After showing an interest in letting it rip from deep during his rookie season with the Washington Bullets (14.5 percent of his field-goal attempts were 3-pointers), Wallace concentrated his efforts closer to the basket following his trade to the Portland Trail Blazers, averaging fewer than one long-range attempt per game in each of his first four seasons with the club. (Sticking with the percentage numbers, triples accounted for 4.8, 4.5, 6.5 and 4.8 percent of his shots in those seasons.)
In his fifth season in Rip City, though, Wallace began to grow more comfortable from distance, trying just over two triples per game (or 13.8 percent of his shots) during the 2000-01 season. He has never averaged fewer than three 3-point attempts per game since and, perhaps not coincidentally, he has never averaged more free-throw attempts than 3-point attempts per game since, either. In eight of his last nine seasons, more than one quarter of his shots have come from long range; in each of his last five, it's been more than one-third; in three of those five, it's been more than 40 percent. In each of his last two NBA seasons — '08-09 with the Detroit Pistons and '09-10 with the Boston Celtics — more than 44 percent of Wallace's shots have been bombs (319 of 720, 44.3 percent, in the last Detroit year and 290 of 650, 44.6 percent, with the C's).
To be fair to 'Sheed, it's not like he was bombing away without a conscience and with no results — he connected on more than 35 percent of his 3-balls in six of the last nine seasons, and his ability to draw opposing bigs away from the basket to invert defenses and create driving lanes for his guards and wings often proved invaluable. In that respect, Rasheed was one of the game's prototypical and premier "stretch fours" before we'd really coined that phrase. For the most part, his foray farther and farther from the basket was less a dereliction of duty than the development of a new dominant style of offense.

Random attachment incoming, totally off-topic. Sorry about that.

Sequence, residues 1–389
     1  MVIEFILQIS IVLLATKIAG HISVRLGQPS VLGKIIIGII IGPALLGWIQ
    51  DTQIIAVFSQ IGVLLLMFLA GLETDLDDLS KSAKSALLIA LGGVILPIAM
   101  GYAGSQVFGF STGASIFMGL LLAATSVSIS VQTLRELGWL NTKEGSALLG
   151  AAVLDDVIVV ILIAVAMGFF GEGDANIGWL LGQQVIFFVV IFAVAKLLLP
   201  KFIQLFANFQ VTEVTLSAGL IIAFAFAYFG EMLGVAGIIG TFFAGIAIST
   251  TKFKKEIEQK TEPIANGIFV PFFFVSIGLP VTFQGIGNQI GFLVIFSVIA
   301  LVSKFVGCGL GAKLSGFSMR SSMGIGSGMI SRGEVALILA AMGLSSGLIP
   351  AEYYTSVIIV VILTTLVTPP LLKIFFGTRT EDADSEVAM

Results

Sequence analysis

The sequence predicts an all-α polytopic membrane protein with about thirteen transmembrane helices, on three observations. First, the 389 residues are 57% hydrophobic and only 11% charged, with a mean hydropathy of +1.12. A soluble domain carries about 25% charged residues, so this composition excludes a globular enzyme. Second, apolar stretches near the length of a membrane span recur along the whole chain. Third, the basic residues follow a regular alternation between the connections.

Still, though, it's not exactly like Wallace has spent a ton of time over the past seven years showing us "how post players really need to play." There's not much "old-school basketball" about taking your 7-footer, having him play pick-and-pop 24 feet away from the rim and utilizing him pretty much explicitly to shoot fadeaway 3-pointers. I don't doubt that Rasheed knows every trick in the low-post book and can flip through the Rolodex at light speed as soon as he feels a defender's forearm in his back — his mind's always been that sharp — but like latter-decade Pistons fans and Celtics fans before them, Knicks fans will likely wait to see Wallace actually park himself in the post before they believe they're about to witness the strength of 'Sheed knowledge.
A good start would be actually seeing him on the court, which, for all the fun photos of him boxing and stuff, hasn't actually happened yet. Woodson told reporters that Wallace is "still in the conditioning mode" and that the Knicks are "holding him out until we feel like he's ready to go," while Wallace says he's ready whenever called upon.
Yeah ... about that:
So that's how post players really need to play. OK, cool. Great learning. Thanks, 'Sheed!